"The fact is we've made the impossible possible," says André Bosman, who, with Florian Kaps, is behind The Impossible Project.
The films, developed with the help and expertise of Harman Technology in the UK, will be available from 25 March on the Impossible website. They will retail at €18 per pack of eight sheets.
PX100 has been developed for the SX-70 camera, while PX600 will be available for the One series of instant cameras. The films will develop from a blue colour before unveiling a monochrome image. The original Polaroid would develop from a brownish colour.
"Impossible's new PX Instant films are dedicated to all the people who feel a similar passion for the magic of analog Instant Photography as we do," says Impossible, the compnay behind The Impossible Project. "Carefully manufactured to slowly develop in the palms of their hands. The development of PX SilverShade monochrome Instant Films is based on sensitive chemical reactions, triggered by light and affected by various parameters such as Exposure, Temperature, ISO, Opacification, Pressure and Manipulations."
The SilverShade films develop at a temperature between 17-24 degrees and need to be protected from direct light, the firm says.
Impossible also plans to release as soon as this summer two colour instant films. More details will be communicated soon.
The story of Impossible's PX films starts in February 2008, when Polaroid released a stern statement announcing the death of its instant film business. By closing down factories in the US, Mexico and the Netherlands, Polaroid put an end to decades of instant photography.
A slow death
The technology was first created in the early 1930s, but it's only in 1947, with the release of the Land Camera, that instant photography made an apparition in people's homes, gaining popularity in the 1970s with the SX-70. The OneStep and 600 series will continue to popularise the brand well into the 1980s and 1990s. However, the rise of digital photography took film-based companies such as Kodak and Polaroid by surprise. In the end, Polaroid wasn't able to adapt quickly enough, and in the early parts of the decade, began to phase out its products. Polaroid's SX-70 Time Zero film was the first to go in early 2006. Facing a dearth of dedicated products, SX-70 camera owners would, for the next two years, modify 600 film packs and apply ND filters to continue to use their cherished instant cameras. Then came Polaroid's February 2008 announcement.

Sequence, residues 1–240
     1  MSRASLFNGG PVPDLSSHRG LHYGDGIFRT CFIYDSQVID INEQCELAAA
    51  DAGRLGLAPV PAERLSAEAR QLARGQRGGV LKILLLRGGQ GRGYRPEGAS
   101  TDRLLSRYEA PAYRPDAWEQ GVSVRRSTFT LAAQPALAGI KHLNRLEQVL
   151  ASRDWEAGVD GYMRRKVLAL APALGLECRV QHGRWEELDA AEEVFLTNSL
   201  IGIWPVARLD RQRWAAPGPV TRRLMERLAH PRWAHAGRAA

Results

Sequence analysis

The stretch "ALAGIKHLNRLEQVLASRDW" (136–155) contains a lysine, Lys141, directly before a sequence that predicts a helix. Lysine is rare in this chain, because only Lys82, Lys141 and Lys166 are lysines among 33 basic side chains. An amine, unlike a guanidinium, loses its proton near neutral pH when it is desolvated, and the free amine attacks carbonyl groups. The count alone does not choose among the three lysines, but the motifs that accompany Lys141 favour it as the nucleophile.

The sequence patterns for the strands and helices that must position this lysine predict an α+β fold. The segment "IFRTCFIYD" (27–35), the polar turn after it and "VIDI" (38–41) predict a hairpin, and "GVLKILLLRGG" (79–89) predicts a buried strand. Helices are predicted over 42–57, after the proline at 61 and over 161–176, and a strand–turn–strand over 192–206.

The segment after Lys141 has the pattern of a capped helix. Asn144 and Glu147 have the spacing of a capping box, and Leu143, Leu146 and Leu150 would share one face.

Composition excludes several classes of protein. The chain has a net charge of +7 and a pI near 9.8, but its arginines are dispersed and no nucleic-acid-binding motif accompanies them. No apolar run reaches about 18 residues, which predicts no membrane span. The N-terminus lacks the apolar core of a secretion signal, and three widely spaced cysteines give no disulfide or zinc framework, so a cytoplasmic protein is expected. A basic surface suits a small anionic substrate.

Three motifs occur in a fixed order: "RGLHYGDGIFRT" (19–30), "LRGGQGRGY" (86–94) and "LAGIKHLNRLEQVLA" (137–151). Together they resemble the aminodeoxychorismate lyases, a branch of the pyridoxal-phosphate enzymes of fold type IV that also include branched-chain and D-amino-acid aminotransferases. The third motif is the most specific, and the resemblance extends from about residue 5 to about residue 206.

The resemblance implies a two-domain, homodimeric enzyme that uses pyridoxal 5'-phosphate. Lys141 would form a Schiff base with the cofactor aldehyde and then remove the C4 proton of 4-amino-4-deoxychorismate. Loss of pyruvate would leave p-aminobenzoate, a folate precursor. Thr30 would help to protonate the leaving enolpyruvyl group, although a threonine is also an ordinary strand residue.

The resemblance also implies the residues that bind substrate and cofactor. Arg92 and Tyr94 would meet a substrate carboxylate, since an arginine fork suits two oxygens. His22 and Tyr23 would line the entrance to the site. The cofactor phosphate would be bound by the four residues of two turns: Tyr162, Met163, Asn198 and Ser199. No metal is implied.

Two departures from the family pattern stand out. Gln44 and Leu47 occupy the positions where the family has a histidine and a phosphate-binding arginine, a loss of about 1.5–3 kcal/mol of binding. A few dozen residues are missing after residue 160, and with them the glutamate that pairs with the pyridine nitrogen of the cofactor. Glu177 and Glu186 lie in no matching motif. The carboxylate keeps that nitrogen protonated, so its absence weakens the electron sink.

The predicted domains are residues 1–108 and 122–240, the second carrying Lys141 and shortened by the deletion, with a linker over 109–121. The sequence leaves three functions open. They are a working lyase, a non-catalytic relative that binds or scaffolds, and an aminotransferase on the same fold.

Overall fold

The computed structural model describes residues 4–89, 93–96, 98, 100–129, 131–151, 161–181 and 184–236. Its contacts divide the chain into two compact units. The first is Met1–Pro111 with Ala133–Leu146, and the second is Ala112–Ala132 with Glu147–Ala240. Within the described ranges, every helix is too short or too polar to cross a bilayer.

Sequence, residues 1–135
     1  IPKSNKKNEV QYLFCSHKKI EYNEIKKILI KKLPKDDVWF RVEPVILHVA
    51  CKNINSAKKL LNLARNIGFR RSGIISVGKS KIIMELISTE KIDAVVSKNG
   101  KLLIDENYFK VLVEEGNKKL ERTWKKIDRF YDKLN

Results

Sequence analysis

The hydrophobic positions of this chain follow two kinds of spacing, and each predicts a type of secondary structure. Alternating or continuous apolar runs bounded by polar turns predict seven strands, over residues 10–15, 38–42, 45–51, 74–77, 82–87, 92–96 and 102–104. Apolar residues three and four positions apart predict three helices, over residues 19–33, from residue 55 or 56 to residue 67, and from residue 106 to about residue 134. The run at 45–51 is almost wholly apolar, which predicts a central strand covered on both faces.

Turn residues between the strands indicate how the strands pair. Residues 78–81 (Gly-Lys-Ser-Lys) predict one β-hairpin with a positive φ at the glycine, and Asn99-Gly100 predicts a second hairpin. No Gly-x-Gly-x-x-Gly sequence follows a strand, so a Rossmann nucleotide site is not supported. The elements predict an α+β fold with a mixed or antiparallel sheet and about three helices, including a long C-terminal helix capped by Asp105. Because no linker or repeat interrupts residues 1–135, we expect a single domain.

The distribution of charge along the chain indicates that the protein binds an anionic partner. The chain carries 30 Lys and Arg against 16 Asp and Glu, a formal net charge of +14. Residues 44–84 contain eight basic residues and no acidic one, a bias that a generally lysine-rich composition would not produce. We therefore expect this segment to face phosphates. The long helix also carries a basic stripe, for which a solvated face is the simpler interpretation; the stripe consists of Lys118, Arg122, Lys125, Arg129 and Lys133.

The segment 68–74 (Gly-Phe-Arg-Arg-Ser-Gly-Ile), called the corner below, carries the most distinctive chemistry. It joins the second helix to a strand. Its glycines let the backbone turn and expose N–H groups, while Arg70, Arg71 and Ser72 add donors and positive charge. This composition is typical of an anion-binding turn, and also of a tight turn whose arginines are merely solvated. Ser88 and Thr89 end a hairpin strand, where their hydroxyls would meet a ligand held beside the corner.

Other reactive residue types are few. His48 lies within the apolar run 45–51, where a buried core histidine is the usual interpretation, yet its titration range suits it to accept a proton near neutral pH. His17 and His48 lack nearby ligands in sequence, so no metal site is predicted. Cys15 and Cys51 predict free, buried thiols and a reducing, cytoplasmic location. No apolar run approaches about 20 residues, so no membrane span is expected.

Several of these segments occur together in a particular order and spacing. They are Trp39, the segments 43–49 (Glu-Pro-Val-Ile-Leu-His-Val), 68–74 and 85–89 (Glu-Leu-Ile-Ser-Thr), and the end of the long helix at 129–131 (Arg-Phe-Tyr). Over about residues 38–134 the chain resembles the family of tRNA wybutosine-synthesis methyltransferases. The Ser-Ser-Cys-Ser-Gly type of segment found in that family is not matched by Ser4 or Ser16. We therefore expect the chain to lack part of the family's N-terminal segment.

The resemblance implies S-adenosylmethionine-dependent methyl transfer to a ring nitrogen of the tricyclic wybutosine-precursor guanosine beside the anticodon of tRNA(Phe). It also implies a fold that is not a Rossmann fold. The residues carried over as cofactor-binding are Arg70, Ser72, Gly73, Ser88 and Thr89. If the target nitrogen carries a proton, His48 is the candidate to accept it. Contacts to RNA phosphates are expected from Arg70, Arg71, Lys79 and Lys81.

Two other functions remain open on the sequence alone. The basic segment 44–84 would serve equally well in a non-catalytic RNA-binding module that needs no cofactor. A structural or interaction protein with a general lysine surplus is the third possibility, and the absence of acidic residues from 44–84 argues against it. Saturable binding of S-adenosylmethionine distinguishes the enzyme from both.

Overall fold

Eliminating 150 jobs in the US and 300 in the Netherlands - where consumer films such as the 600 series were produced - Polaroid left the instant film business on 08 February 2008. With the factories closing, Polaroid fans found themselves with the tricky task of securing enough instant films to last years. "We're trying to help what have been extremely loyal Polaroid customers to make our film categories last as long as we can,'" said Polaroid's chief operating officer Tom Beaudoin in an interview with Bloomberg at the time. Polaroid expected stocks to last until the end of 2009. Today, it's still possible to find 600 films in the US and the UK - with even new companies such as Minute Film launching in 2010 to distribute such films.
However, talks of instant film's death were greatly exaggerated, at least at first. Despite announcing its withdrawal from the business, Polaroid, in early 2008, was still looking for a partner to acquire the licensing rights for its instant film. And the one UK-based company that proved instrumental in the Impossible Project, was an early contender.
Harman Technology is the British maker of Ilford Photo brand films and darkroom materials. It has been at the forefront of a three-year long campaign to save the darkroom and film-based photography. In early 2008, it approached Polaroid to discuss taking over the instant film business.
But, these discussions proved fruitless. In June 2008, Phil Harris, the company's chairman and managing director, announced an end to the negotiations. "The processes involved in the manufacture and assembly of professional instant sheet film products are very demanding and it would require substantial investment to re-establish them at Harman Technology's site in Cheshire," he said. "When compared with current and projected sales for the products, it was clear that such an investment could not be justified.
He added: 'While we had hoped to work together on continuing the production of instant sheet film, it is cost prohibitive to meet the declining demand. As a company, we are saddened that such an inspirational form of expression will disappear, but we will always remain staunchly committed to the long term future of monochrome photography in all its facets and we will continue to do everything we can to support it."
But that wasn't the end of Harman Technology's involvement with instant film. One month after dropping its bid to take over Polaroid's instant business, the company issued an online survey to its consumers and to Polaroid users asking them what instant film features they particularly liked.
Speaking to BJP at the time, Judy Wong, marketing manager for Ilford Photo at Harman Technology, said that the Manchester-based company wanted to find out more about consumer behaviour of Polaroid users. "What is it that they love so much about Polaroid? Is it the instant part, or is there something about the black-and-white image? If it is something about the black-and-white look of the image, we might want to try to recreate it." However, Harman Technology made sure to add that it wouldn't produce new instant films.
Impossible takes over